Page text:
Southern Calif. Church Enters Movie-Making Business

A 900-member church in Southern California began filming its first full-length movie this week with the goal of impacting the lives of at-risk teens.

New Song Community Church in Oceanside, Calif., has set up a soundstage at the back of the church and joined together professional movie makers with film students and volunteer actors from the congregation.

The plan, according to publicity coordinator Lisa Frost, is to have the movie released nationally.

"We hope it will reach a lot of people," Frost told the Union-Tribune of San Diego.

Written by New Song Youth Pastor Jim Britts and Executive Pastor Steve Foster, "How to Save a Life" deals with the tragic issue of teen suicide.

The screenplay follows high school star athlete and all-around popular guy Jake, who crumbles under pressure after his childhood friend commits suicide and he learns his girlfriend, Amy, is pregnant. In light of the events, Jake contacts a youth pastor, seeking a Christian perspective on life, and begins a chain reaction of life-saving events for those around him.

Screen writer Britts said the film is a way to carry a positive message to troubled teenagers.

"There are so many kids out there that are hurting," he told the Union-Tribune.

Each year in the United States, thousands of teenagers commit suicide. According to the American Academy of Child & Adolescent Psychiatry, suicide is the third leading cause of death for 15-to-24-year-olds, and the sixth leading cause of death for 5-to-14-year-olds.

Meanwhile, about one-third of girls in the United States get pregnant before age 20. In 2006, a total of 435,427 infants were born to mothers aged 15–19 years, according to the U.S. Centers for Disease Control and Prevention. More than 80 percent of these births were unintended, meaning they occurred sooner than desired or were not wanted at any time.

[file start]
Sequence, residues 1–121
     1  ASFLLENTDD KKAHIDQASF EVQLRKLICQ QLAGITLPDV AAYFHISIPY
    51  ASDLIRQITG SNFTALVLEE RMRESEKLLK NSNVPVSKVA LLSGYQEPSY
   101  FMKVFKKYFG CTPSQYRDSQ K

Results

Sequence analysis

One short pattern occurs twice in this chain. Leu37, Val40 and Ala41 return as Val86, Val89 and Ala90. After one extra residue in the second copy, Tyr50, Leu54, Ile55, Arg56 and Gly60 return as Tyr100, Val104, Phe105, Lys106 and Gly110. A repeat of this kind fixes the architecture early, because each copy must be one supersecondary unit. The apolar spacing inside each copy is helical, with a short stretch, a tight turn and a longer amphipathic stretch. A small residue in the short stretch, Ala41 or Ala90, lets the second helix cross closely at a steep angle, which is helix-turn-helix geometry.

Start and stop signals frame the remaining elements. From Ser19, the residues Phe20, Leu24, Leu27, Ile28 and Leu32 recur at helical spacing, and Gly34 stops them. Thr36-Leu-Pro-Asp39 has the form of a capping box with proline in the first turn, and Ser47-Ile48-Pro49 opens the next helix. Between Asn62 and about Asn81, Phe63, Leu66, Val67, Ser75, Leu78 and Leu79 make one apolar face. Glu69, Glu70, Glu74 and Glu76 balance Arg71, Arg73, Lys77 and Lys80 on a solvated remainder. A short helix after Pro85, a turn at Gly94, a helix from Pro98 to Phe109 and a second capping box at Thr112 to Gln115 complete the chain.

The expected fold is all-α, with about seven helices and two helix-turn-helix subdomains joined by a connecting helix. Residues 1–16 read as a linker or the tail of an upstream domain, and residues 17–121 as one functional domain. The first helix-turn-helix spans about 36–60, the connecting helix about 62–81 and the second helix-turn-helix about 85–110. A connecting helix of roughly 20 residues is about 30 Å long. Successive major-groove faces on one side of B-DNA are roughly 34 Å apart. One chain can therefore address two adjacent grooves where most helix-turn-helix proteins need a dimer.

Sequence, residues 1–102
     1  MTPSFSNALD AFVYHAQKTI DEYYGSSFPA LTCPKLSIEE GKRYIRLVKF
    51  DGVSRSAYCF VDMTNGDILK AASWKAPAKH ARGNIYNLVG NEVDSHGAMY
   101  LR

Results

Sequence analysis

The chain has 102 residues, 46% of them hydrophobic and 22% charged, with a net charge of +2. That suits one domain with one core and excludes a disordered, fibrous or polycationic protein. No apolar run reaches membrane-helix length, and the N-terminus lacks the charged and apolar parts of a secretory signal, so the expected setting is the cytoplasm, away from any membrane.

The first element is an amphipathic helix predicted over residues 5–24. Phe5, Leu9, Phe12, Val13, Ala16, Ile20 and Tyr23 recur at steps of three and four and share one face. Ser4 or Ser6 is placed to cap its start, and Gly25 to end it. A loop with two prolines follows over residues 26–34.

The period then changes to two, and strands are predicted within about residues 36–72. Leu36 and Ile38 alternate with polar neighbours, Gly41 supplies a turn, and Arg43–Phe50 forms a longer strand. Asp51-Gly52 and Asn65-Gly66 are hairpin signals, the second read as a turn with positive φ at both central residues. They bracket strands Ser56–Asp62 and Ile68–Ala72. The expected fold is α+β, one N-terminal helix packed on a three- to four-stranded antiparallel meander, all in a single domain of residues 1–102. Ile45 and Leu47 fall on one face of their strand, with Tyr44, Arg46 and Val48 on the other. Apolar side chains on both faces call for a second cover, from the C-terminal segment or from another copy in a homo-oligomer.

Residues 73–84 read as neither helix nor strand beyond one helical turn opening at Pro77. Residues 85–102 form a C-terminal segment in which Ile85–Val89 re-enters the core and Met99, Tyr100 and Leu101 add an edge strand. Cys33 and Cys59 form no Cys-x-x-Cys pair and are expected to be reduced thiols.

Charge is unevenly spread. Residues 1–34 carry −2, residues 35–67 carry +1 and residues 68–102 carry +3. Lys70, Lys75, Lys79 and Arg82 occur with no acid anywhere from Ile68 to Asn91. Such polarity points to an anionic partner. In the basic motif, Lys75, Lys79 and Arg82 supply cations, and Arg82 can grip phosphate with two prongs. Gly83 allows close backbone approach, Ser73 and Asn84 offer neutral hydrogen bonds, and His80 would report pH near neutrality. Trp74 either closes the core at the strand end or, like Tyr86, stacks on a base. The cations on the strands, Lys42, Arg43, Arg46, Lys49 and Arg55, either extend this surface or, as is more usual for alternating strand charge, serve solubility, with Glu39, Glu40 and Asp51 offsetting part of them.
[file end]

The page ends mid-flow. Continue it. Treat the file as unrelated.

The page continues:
New Song's Britts, who works daily with troubled teens, said he wrote the screenplay for "How to Save a Life" after learning that the top influencer of teen behavior is not their parents, school or church, but movies.

"I work with troubled teens every day and see the severity of the poor choices they make," said the youth pastor in a released statement. "Movies are a powerful way to illustrate the consequences of making the wrong choice while reinforcing positive actions."

New Song Church isn't the first church that has entered the moviemaking business to engage a culture that Americans are largely being influenced by

The Kendrick brothers of Sherwood Baptist Church in Albany, Ga., are set to release their third film, "Fireproof," this September following the surprising success of their second film, "Facing the Giants," in 2006.

While Associate Pastor Alex Kendrick had expressed a desire to produce Christian movies when he was hired at Sherwood Baptist in 1999, it was a 2002 Barna Group survey that prompted the church to launch a movie ministry. The survey revealed that movies are one of the leading influencers in American society while churches have lost much of their influence.

And, as it turned out, Sherwood's movie, "Facing the Giants," struck a chord with U.S. moviegoers, lasting 17 weeks in theaters nationwide and selling over one million DVD units.

The movie, which centers on the life of a football coach who has never had a winning season in six years, was shown in 441 theaters across the nation and has been recognized as one of the most inspirational movies of 2006, according to Sports Illustrated. Furthermore, churches picked up on the movie to use for instruction and discipleship within their ministries.

New Song Church is looking to make a similar impact with their movie, which will be filmed at the church and around the community over the next two weeks.

Youth pastor Britts hopes the film will touch lives in a profound way.

"It offers an uplifting message and alternative to the hopelessness teens may face as they struggle with challenges including violence, suicide, and unplanned pregnancy," he stated.

The production team is currently in talks with major distribution companies that deal with religious-themed films.

The church has already signed up Hollywood cinematographer Brian Baugh to direct the full-length movie and independent filmmaker Nicole Franco to produce it. The film also stars Deja Kreutzberg, who has appeared in 28 episodes of "As the World Turns" as well as TV shows "CSI: Miami" and "Hope & Faith."

On the Web:

More about the project at

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